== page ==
I used to lie awake, staring at the ceiling, out the window or at my life-sized poster of Han Solo, wishing I had spoken up.
Or, maybe wishing that I hadn’t. I would go over all of the things in my head that I could have said instead of standing silent. On edge, my muscles would twitch, and I couldn’t stop checking the clock.
Those dark early hours of the morning were always the most frustrating.
There was always someone at work I had a problem with. These people seemed to find me and cause such havoc in my professional life that it would spill over into my social and home life, causing me stress, anxiety and ultimately, a lack of sleep that led to all kinds of health problems.
On those sleepless nights I would try breathing exercises, legs up the wall, gradually relaxing all of my muscles, starting at my toes and working my way to the top of my head. Nothing ever worked.
I knew I was awake and it was all because I had not been prepared to handle the confrontation that was currently replaying in my mind over and over and over. I felt helpless and alone at night and frustrated and angry during the day.
It all changed when I went to art school. Yes, art school. Sure, I learned how to paint and throw clay, but the best and most powerful thing that I learned there was how to communicate and how to handle difficult communication.
Almost every day, I had the opportunity to hang something on the wall that I had put my heart and soul into and have a bunch of young people tear it apart. At first, this process was incredibly grueling. Initially, I would be defensive, telling myself that these fools just didn’t understand my particular brand of genius. After a while however, I learned how to use that criticism to improve my art. After another while, I actually started to seek out this type of criticism.
I also learned how to tell people difficult information. Initially, when I was the one doing the critiquing, I would end up making people cry. Part of me was defensive about this reaction, and the other part of me just felt bad. I would blurt out comments or even worse, not mention my feedback at all. It was a messy process, learning how to say something to a person so that they could hear it. I eventually got better at it though. After a while, people started seeking me out for my critical feedback.
I also learned how to listen. I realized that my curiosity would serve me in this manner if I used it to ask better questions and then listen to the answers. I realized that making assumptions was the fastest way to kill my curiosity, and my curiosity was directly related to how much I could learn about a given person or topic.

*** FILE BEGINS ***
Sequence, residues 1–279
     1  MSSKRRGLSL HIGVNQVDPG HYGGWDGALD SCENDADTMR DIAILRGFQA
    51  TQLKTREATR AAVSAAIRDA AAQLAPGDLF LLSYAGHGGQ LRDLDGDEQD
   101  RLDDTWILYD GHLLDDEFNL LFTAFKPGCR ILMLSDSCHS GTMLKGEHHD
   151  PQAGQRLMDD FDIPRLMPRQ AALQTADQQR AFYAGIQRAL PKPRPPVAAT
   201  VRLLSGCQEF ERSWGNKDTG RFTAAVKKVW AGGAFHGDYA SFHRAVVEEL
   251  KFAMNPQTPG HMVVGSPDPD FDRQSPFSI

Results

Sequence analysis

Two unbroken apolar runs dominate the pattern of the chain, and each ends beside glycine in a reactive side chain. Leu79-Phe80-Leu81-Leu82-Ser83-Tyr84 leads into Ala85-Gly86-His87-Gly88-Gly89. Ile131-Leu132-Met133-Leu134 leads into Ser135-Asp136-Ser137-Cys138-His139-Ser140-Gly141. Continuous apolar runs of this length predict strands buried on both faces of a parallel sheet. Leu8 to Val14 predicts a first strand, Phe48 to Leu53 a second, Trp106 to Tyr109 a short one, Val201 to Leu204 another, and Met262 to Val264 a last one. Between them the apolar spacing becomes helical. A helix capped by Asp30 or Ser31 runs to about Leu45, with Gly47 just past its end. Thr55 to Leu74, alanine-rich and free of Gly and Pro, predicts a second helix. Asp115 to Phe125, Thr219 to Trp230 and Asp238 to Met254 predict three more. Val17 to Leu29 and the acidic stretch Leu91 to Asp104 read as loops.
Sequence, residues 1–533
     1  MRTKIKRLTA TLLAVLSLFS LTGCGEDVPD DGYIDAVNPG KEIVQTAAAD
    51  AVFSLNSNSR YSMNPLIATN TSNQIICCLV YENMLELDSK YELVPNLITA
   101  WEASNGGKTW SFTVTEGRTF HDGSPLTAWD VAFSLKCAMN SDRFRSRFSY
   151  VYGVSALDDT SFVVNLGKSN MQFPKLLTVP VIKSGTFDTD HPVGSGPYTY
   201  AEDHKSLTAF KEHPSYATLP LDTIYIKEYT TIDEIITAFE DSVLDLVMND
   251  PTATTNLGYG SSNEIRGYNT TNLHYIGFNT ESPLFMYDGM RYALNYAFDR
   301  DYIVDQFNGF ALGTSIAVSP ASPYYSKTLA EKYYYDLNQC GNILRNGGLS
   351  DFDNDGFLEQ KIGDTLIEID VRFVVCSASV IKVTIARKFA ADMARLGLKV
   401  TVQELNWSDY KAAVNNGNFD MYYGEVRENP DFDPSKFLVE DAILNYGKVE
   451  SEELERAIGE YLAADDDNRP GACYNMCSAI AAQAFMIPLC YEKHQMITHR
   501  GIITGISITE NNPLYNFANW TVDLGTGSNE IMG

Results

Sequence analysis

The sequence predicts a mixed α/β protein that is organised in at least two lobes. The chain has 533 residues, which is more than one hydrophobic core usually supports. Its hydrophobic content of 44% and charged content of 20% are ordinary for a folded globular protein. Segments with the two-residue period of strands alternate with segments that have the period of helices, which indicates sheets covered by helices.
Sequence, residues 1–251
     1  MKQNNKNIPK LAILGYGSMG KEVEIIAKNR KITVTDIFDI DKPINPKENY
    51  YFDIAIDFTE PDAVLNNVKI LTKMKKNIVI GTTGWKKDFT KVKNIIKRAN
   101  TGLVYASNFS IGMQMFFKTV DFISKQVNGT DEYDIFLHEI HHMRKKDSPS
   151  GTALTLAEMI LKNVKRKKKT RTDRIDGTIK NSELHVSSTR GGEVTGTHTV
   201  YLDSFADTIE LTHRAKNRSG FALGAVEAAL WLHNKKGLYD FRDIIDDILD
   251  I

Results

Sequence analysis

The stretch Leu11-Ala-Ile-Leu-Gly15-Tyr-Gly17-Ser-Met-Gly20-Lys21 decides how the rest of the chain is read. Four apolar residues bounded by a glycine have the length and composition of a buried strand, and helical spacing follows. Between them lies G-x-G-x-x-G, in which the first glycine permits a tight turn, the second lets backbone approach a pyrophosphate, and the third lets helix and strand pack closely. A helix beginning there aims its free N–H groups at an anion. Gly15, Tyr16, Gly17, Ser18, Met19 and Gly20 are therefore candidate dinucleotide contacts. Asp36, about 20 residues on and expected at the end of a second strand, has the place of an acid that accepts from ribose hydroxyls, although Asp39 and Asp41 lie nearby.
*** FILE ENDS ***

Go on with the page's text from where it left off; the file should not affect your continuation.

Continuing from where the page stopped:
After I left art school, my life improved. I had better relationships; I sought out critical feedback at work, and I let my curiosity guide me to great result. It was the strangest place and the strangest way to learn these skills, but I realized that the more I gave myself the opportunity to practice, the better and better I would eventually become, so I sought out opportunities to practice taking critical feedback, giving critical feedback, and listening with curiosity.
The more I actively and honestly engaged with the people around me, the more my life improved, and now, I rarely have a sleepless night. It is not something we are taught, how to communicate. We learn how, in most cases, subconsciously by watching our parents, teachers and other people we look up to. The reality is that in order to communicate effectively, the communication has to come from the individual, from where a person keeps her desires, fears and dreams.
Communication is a skill that is individual in nature; just as you can’t tell every person what the best diet for their body is, you also must leave room for the individual when it comes to communication style.
I have read lots of books on communication. I have been to communication trainings that I considered quite inspired, but the one thing they all missed was the practice element—the constant and vigilant practice that goes into perfecting communication for the individual. In order to be comfortable in uncomfortable situations, you must practice, just like an elite athlete, until effective communication is part of your genetic make-up.
It is much like clutch players; they perform flawlessly in highly stressful situations. In the last two seconds of the game, the ball is most often in their hands. They know they can depend on themselves to perform because they have done what they need to do thousands of times.
I see those stressful situations, when you have to tell someone something difficult, or you are in a position where you must handle difficult information, as clutch situations, and I practice for them by communicating as much as possible when the stakes aren’t as high.
Yes, it takes effort and focus, but I very rarely lose sleep over any of my interactions these days. That alone is worth the time I put into this. Though I have to say, I do miss that Han Solo poster quite a bit.
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Author: Sara Young
Editor: Travis May
Photo: Provided by Author
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